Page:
James Biden Tells Gop Lawmakers That Joe Biden Had No Involvement In The Family's Business Dealings

James Biden, the brother of President Joe Biden, steps out of a private interview with House Republicans during a break at Thomas P. O'Neill House Office Building on Capitol Hill in Washington, Wednesday, Feb. 21, 2024. (AP Photo/Andrew Harnik)
James Biden, the brother of President Joe Biden, steps out of a private interview with House Republicans during a break at Thomas P. O'Neill House Office Building on Capitol Hill in Washington, Wednesday, Feb. 21, 2024. (AP Photo/Andrew Harnik)
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WASHINGTON (AP) — President Joe Biden “never had any involvement” in the business dealings of other members of his family, his brother James Biden testified Wednesday when he appeared for a voluntary private interview on Capitol Hill as part of House Republicans' impeachment inquiry.

“I have had a 50-year career in a variety of business ventures. Joe Biden has never had any involvement or any direct or indirect financial interest in those activities,” the president's younger brother said in a 10-page opening statement to lawmakers obtained by The Associated Press. “None.”

The interview with both Republican and Democratic staff as well as lawmakers lasted more than eight hours. During several breaks, Republicans came out and told reporters, without citing details, that James Biden's responses contradicted his opening statement and that he had made efforts to avoid directly answering investigators' questions.

“He has said a lot of things that have contradicted himself in that testimony,” Rep. Andy Biggs, R-Ariz., said during an afternoon break from questioning. “So when you see the transcript, you'll see.”

The interview with James Biden was the latest in a series that GOP lawmakers have conducted recently as they seek to rebuild momentum for an impeachment process surrounding the Biden family’s overseas finances that has stalled in recent months.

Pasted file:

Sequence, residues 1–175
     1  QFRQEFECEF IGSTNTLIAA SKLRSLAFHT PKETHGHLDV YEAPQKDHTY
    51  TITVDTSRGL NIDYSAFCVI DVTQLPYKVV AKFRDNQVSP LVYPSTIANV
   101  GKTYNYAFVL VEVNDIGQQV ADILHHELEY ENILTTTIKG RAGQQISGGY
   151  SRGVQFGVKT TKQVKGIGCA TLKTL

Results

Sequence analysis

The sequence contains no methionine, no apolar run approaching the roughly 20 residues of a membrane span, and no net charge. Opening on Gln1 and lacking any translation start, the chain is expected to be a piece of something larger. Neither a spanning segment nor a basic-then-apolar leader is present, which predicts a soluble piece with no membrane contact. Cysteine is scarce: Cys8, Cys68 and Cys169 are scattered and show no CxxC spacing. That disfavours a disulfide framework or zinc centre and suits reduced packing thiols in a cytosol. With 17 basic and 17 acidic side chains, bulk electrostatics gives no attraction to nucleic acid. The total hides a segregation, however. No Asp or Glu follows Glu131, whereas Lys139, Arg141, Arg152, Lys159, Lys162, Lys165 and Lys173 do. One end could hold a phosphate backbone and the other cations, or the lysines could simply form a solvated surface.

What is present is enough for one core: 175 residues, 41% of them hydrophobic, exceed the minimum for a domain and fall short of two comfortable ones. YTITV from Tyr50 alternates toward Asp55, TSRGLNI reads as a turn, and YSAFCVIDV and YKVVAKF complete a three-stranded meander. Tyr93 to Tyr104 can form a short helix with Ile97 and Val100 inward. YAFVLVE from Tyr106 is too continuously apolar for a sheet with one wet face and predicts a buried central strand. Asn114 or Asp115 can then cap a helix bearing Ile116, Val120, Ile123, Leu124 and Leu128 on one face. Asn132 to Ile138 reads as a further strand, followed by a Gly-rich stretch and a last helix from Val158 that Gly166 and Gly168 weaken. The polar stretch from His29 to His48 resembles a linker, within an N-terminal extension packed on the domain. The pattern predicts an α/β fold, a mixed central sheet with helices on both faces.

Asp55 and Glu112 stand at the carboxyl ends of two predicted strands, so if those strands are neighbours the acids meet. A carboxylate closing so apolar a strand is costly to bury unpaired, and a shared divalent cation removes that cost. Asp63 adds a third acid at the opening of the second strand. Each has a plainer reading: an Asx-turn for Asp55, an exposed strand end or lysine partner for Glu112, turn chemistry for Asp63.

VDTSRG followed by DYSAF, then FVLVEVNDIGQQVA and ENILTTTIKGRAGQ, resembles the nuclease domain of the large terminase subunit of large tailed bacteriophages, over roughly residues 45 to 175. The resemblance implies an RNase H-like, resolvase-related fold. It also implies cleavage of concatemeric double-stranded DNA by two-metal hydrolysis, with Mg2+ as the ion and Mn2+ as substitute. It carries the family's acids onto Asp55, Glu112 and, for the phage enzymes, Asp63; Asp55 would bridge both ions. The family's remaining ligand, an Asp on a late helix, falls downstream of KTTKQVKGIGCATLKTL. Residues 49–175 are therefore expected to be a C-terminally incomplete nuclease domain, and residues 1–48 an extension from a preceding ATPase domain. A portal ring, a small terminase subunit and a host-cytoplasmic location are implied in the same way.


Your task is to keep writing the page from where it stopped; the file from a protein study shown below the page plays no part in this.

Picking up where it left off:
Criticism over the lack of evidence against the president has grown even among Republicans. Many GOP lawmakers say they have yet to see evidence of the “high crimes and misdemeanors” required for impeachment, despite alleged efforts by members of the Biden family to leverage the last name into corporate paydays domestically and abroad.

Beyond the internal struggle, a central claim of the GOP investigation has also been undermined by federal prosecutors, who last week indicted an FBI informant who claimed there was a multimillion-dollar bribery scheme involving the president, his son Hunter and a Ukrainian energy company.

The informant’s claims had been part of the foundation of the Republican effort in Congress to investigate the president and his family, with investigators even making mention of the unsubstantiated claim in letters to prospective witnesses.

Rep. Jim Jordan, R-Ohio, one of the lead impeachment investigators, told reporters Wednesday that the indictment of Alexander Smirnov doesn't “change the underlying facts” of their investigation. He added that the FBI saw this informant as a valued source for years.